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Members of the Lincoln County Fire Protection District firefighters, Missouri State Troopers, Sheriff’s Office members and a representative of the county’s Central Dispatch showed up to challenge the RoadRunners. 

Athletes on the Lincoln County Roadrunners Special Olympics team dueled members of the Sheriff’s Office, Fire District, Emergency Dispatch and some Missouri State Troopers in a softball game for the team’s annual community game. 

About 27 athletes played on the Roadrunners side, said team coach Suzanne Clarke, adding that the evening “ended up being a lot of fun.”

“Everybody was laughing, having a really good time, everybody got a great hit,” Clarke said. “Some of them [Roadrunners], it’s the only game they get to play all year long, because they just get together and practice and learn the skills over and over, so they got to actually play a game and some of them just completely light up at getting to do that.” 

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Alison Kunza takes a swing at-bat. 

Clarke said her own child plays on Special Olympics teams, and seeing any kid that doesn’t typically have the chance to play in local sports get out on the field and compete is a real wonder. 

“For some of them it’s the whole boost that they need to turn their day around, turn their week around,” Clarke said. 

Lots of the athletes have difficulty interacting with strangers, but during the community game, Clarke said they were laughing it up with the first responders and even ribbing Sheriff John Cottle a bit. 

“To see them laughing and joking, and making fun of John Cottle – he missed the ball on accident – to give him the business like that, it was so funny,” Clarke said. 

Deputy Sierra Haymes said the Sheriff’s Office participates in the Roadrunners’ game every year, and has a hand in Special Olympics events year-round. At the end of September, Haymes herself will be taking part in Special Olympics Missouri’s Over the Edge event, where participants rappel down a 30-story building in St. Louis to raise money for the organization. 

“We have a pretty good relationship with Special Olympics in the region, but also with the Roadrunners in Lincoln County,” Haymes said. 

When the Sheriff’s Office first started participating in events with the Roadrunners years ago, Haymes said the athletes may have been a little hesitant to engage with them, but the continual efforts to work with the team have brought the two groups close together. 

“They know most of us, they love most of us,” Haymes said. 

“It’s a really good relationship, and I think that it just shows them that we’re normal human beings,” she added. 

The night had some exciting happenings too – during the first inning, the firefighters were getting ready to go to bat when a call blared over their radios, and they had to take off. Clarke and the other coaches were looking at shifting some players around to balance the teams, when “right about the time we were going to make that switch, here they [the firefighters] come back – false alarm.”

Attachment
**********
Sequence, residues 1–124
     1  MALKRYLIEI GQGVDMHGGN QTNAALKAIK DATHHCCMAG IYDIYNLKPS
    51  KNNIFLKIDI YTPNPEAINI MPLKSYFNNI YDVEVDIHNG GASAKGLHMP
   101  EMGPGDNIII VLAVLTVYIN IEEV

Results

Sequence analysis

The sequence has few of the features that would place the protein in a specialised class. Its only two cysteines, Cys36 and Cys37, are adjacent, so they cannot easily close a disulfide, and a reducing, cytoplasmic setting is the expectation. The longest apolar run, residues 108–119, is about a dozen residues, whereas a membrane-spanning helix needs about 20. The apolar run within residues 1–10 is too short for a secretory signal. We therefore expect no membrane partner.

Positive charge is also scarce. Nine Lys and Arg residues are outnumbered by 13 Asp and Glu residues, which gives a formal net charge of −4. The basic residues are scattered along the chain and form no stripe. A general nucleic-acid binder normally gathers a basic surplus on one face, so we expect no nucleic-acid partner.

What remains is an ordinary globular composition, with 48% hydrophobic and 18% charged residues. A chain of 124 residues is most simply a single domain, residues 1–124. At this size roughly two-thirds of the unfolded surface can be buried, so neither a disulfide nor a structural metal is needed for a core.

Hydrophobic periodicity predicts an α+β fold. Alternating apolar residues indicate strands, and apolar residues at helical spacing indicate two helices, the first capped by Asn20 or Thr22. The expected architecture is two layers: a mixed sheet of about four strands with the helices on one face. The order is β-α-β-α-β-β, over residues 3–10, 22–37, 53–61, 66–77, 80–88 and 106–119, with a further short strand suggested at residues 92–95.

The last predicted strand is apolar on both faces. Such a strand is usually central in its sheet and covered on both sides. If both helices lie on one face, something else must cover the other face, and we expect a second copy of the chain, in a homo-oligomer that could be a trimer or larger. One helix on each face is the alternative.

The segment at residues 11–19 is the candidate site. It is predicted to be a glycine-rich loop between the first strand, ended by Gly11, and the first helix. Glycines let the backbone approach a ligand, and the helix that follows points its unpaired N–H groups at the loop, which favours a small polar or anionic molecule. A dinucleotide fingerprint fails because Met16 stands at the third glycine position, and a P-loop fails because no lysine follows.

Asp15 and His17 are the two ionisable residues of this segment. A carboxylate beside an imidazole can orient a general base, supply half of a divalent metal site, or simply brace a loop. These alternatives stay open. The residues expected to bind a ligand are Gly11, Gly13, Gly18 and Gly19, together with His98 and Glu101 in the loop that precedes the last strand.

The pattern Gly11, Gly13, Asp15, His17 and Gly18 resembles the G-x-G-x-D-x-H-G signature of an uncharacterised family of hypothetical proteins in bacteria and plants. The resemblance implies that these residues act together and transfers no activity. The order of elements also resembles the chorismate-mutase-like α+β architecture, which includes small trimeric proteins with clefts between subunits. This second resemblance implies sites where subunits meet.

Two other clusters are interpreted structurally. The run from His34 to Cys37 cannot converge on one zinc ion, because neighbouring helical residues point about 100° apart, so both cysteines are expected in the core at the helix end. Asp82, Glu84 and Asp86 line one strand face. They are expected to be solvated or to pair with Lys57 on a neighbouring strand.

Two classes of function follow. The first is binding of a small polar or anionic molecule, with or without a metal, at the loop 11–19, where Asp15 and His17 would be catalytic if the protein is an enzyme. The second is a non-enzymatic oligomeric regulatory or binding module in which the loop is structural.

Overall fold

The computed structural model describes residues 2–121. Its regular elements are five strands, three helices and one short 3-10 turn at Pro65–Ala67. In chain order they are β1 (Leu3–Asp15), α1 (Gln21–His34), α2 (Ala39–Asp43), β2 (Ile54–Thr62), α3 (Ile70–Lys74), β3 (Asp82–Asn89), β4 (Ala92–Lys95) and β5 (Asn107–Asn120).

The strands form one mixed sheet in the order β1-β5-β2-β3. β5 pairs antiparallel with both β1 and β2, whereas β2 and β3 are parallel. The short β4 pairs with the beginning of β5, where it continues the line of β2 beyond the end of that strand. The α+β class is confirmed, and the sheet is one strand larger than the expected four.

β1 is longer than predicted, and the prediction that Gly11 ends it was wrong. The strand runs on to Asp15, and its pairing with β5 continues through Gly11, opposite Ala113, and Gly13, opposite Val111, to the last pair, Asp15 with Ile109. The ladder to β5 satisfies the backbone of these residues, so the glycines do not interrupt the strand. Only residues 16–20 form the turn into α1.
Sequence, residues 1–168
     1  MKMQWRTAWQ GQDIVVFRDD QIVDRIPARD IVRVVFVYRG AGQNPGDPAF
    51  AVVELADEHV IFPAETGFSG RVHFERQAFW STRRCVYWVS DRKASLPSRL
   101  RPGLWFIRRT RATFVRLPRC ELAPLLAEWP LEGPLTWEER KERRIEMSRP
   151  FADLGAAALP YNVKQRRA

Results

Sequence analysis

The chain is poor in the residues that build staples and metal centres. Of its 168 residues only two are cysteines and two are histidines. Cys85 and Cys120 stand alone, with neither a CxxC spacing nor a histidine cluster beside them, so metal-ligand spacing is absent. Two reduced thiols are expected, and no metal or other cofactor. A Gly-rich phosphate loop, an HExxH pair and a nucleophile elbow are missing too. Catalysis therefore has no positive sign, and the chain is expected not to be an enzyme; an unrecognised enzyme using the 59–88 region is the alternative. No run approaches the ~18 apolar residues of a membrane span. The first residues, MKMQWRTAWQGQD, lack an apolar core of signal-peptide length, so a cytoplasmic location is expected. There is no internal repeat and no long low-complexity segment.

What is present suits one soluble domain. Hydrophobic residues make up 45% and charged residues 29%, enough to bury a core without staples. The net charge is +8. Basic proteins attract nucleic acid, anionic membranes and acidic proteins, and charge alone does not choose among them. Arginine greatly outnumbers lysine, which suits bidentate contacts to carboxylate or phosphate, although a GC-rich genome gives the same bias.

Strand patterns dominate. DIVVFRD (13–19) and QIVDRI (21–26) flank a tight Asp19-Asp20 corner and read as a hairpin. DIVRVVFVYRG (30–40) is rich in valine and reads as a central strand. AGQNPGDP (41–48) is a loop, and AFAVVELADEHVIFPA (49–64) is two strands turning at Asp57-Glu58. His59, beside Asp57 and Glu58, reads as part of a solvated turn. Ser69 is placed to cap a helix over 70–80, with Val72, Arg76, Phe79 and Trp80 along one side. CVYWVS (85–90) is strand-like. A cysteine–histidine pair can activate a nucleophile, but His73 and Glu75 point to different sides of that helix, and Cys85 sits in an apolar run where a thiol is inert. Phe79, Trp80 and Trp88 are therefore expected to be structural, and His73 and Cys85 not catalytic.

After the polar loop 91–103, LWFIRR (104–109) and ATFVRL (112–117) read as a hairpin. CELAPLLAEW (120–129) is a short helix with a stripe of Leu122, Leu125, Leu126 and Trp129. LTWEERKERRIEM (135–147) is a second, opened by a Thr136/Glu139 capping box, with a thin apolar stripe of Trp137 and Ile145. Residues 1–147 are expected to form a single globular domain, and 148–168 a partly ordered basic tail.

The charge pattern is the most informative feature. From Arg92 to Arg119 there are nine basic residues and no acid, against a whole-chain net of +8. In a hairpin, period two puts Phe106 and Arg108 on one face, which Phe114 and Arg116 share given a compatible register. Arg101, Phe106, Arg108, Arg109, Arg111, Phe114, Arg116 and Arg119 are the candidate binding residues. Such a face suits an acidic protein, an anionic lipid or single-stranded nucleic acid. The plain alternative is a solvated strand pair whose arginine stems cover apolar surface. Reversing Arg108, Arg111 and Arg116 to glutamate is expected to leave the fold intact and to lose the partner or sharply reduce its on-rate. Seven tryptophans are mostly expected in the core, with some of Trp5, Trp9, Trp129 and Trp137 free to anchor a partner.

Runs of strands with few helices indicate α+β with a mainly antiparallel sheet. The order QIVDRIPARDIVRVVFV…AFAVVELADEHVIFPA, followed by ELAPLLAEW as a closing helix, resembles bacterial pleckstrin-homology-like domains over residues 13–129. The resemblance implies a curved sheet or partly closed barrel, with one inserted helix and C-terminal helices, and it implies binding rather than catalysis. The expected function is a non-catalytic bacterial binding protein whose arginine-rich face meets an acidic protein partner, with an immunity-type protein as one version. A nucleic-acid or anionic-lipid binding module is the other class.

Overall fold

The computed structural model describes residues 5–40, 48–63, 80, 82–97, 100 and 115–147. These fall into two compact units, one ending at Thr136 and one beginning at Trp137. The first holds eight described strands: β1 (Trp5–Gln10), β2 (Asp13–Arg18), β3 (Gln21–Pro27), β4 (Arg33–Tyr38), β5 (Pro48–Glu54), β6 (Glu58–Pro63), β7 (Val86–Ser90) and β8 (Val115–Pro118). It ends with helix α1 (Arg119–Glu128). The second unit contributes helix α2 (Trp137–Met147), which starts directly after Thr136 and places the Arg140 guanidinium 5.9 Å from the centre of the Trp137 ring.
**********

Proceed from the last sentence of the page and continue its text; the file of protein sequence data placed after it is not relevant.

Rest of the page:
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Amanda Masterson stands ready on third. 

“Everybody was cheering for them, so that was pretty cool,” Clarke said. 

“We’re so grateful that they came out to play with us,” she added. 

In addition to the help from the first responders, the event was made possible by the Troy Knights of Columbus, who’d let the RoadRunners use their baseball fields all season long. The night of the community game, the Knights of Columbus cooked up a feast for the athletes as well.

“Just seeing other people volunteering and reaching out to us, it’s a great thing,” Clarke said. 

While the community game more or less puts a pin in the softball season, the conclusion of that sport doesn’t wrap up Special Olympic activities for the year by a long shot.

Basketball season starts up in October, with an open house Oct. 15 at 6:30 p.m. at Boone Elementary in Troy. Any athlete from age 8 upwards is welcome. 

“We’ve got older, we’ve got people in their 60s and 70s, and everything in between,” Clarke said. 

Basketball practices start Oct. 22. 

Bowling will also begin soon, and Clarke said that sport is a blast to be a part of.  

“It is so fun to watch,” Clarke said. “And it goes from [athletes] that have to push the ball down the ramp to ones that actually go and throw the ball and they’re a whole lot better than I am at it.”

Bowling started Sept. 9, and runs through the end of March; the team plays down at O’Fallon Bowl. Track starts in April 2020, and golf starts soon after in May. Through September, the RoadRunners are also the Charity of the Month at Honey Badger Grill, with a portion of the restaurant’s monthly proceeds benefitting the team. 

“We wouldn’t be who we were without any of the community,” Clarke said. “We wouldn’t be, because we run completely off donations and fundraisers…we’re very, very blessed with Troy.” 

Haymes said it’s always rewarding to spend time with the athletes “and know that you’re making their day.”

“But I think what hits home the most is when they remember you,” Haymes said. “So when they remember your name or they remember, ‘hey, you said you were doing this last week, how did it go?’”

“It means a lot when you have a real, genuine relationship with them,” she added.

Managing Editor

A certified wiz at playing tabletop war games and binge-watching anime, I spend far too much time on the internet. Also I run a couple of newspapers.

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